The trial court said at the hearing on defendant's motion that several counties had some connection to the case; Cook County had some connection because some out-of-state witnesses might come through Chicago, even if trial were held elsewhere, and defendant maintained an office in Cook County. Applying Meyers v. Bridgeport Machines Division of Textron, Inc. (1986), 113 Ill. 2d 112, 497 N.E.2d 745, 100 Ill. Dec. 567, the court found that consideration of the appropriate factors did not strongly favor Champaign County over all other counties, so the court allowed plaintiff his choice of forum by denying the motion to transfer. We granted defendant's petition for leave to appeal pursuant to Supreme Court Rule 306(a)(1)(ii). 134 Ill. 2d R. 306(a)(1)(ii).

Our supreme court laid out the basic principles of forum non conveniens in two decisions filed early in 1987:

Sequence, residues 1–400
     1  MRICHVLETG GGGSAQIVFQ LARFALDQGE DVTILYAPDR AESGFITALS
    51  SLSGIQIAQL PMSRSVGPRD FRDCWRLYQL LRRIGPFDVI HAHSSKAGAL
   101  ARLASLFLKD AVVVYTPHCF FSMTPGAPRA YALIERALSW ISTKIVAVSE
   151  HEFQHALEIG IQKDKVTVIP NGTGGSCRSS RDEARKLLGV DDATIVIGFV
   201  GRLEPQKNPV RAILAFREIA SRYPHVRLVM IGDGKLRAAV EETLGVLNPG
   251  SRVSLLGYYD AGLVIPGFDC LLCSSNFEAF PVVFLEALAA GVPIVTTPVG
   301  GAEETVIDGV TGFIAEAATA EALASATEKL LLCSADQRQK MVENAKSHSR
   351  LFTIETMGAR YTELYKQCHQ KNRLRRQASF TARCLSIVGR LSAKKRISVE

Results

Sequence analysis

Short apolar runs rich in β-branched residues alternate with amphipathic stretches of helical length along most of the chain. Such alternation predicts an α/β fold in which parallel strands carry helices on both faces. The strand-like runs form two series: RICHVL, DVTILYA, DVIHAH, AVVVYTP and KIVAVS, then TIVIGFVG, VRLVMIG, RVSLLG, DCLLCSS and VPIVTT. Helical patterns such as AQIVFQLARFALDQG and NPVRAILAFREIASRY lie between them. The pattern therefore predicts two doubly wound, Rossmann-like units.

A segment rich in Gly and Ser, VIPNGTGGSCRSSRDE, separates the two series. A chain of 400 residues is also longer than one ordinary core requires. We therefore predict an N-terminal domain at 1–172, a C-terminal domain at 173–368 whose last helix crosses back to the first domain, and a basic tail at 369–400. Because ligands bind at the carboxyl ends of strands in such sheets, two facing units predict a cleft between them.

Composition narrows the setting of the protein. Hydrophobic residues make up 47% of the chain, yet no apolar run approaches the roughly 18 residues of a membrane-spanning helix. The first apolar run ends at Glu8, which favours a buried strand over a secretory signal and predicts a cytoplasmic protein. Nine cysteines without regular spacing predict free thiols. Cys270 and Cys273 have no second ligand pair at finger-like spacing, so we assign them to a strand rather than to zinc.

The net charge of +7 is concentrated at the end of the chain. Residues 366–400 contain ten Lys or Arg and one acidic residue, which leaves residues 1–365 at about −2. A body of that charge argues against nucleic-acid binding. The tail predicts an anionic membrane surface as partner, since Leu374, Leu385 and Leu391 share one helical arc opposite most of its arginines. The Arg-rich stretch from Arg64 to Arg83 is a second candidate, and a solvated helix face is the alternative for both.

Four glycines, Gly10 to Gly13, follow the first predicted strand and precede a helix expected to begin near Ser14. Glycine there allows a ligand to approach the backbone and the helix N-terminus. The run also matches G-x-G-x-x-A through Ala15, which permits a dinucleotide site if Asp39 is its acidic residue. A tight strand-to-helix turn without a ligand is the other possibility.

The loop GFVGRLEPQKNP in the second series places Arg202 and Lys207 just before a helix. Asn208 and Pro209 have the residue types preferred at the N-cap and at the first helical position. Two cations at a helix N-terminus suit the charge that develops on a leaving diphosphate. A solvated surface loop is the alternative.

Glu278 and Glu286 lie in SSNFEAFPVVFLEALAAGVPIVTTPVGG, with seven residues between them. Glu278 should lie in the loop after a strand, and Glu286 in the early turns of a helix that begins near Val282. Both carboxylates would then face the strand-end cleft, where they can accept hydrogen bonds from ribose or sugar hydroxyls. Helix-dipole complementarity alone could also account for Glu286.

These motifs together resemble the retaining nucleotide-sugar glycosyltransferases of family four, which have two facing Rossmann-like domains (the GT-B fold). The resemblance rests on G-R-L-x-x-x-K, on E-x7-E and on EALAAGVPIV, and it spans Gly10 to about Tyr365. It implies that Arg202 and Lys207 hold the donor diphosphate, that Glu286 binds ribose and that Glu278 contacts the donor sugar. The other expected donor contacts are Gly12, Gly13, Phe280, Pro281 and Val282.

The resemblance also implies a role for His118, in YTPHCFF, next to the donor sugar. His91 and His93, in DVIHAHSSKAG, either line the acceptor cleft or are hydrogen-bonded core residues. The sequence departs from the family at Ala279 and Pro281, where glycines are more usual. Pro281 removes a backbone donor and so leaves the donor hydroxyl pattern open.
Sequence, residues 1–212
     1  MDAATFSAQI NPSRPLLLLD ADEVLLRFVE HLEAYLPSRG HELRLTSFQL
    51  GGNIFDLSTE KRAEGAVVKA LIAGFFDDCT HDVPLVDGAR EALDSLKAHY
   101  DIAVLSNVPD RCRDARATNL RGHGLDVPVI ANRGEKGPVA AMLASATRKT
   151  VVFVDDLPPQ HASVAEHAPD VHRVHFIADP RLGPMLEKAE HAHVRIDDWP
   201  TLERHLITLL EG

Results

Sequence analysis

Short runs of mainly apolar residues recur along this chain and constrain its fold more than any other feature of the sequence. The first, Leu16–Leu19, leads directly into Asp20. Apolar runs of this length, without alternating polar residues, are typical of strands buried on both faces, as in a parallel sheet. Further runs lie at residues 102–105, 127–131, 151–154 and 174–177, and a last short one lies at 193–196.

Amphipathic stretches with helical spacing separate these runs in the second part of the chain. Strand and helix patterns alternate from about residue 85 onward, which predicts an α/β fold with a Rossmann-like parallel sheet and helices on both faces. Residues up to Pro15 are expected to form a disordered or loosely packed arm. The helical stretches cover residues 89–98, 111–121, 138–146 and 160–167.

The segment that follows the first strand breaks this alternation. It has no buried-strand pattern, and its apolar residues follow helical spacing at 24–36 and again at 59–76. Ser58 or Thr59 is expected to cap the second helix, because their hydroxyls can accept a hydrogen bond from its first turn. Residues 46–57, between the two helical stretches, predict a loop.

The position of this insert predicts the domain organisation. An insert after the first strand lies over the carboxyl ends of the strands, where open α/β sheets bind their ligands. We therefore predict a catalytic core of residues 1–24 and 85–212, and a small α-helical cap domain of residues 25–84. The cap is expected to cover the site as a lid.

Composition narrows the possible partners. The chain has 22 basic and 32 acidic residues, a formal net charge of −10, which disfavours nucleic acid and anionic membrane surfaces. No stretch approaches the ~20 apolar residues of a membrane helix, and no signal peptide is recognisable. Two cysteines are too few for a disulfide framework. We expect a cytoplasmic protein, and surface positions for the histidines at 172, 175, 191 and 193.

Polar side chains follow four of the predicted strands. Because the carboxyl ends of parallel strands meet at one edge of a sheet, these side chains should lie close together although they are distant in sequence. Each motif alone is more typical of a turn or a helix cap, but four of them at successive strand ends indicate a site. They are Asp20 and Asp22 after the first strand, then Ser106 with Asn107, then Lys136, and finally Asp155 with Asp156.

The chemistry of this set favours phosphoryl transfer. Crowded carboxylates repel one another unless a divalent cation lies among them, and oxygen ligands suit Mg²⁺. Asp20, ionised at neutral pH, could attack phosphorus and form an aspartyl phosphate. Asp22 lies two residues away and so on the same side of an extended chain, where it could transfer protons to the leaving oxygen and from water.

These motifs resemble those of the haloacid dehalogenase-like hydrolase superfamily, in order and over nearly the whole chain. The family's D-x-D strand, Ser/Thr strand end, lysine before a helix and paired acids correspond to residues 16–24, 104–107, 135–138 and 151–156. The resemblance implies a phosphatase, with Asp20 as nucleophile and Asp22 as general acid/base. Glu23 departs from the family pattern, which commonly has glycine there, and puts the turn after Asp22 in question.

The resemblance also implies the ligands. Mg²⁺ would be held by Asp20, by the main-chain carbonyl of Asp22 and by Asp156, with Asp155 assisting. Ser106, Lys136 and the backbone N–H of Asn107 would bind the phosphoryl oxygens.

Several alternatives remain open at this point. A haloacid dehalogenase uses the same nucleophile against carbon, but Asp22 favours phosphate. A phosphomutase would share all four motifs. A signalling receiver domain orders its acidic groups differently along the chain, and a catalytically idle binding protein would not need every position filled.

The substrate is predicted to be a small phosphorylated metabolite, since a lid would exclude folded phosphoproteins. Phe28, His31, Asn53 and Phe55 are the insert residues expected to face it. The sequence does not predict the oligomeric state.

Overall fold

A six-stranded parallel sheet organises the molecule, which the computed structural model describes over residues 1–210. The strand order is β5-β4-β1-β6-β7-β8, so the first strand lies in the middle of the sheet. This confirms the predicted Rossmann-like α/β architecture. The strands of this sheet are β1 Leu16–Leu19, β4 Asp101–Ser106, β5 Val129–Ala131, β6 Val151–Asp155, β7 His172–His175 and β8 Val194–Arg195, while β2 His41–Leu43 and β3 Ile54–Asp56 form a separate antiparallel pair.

"Although broad discretion is vested in the trial court in determining whether particular circumstances require transfer of a cause under forum non conveniens, that court's decision will be reversed on review if it can be shown that, in deciding as it did, the court abused discretion. [Citations.]

Forum non conveniens is an equitable doctrine. It presupposes the existence of more than one forum with jurisdiction over the parties and the subject matter. [Citations.] Under the doctrine, a court may decline to exercise jurisdiction of a case whenever it appears that there is another forum with jurisdiction of the parties in which trial can be more conveniently had. [Citations.]

In deciding whether the doctrine applies, a court must balance private interest factors affecting the convenience of the litigants and public interest factors affecting the administration of the courts. [Citation.]

Factors relating to the private interests of the litigants include the 'relative ease of access to sources of proof; availability of compulsory process for attendance of unwilling, and the cost of obtaining attendance of willing[,] witnesses; possibility of view of premises, if view would be appropriate to the action; and all other practical problems that make trial of a case easy, expeditious and inexpensive.' Gulf Oil Corp. v. Gilbert (1947), 330 U.S. 501, 508, 91 L. Ed. 1055, 1062, 67 S. Ct. 839, 843.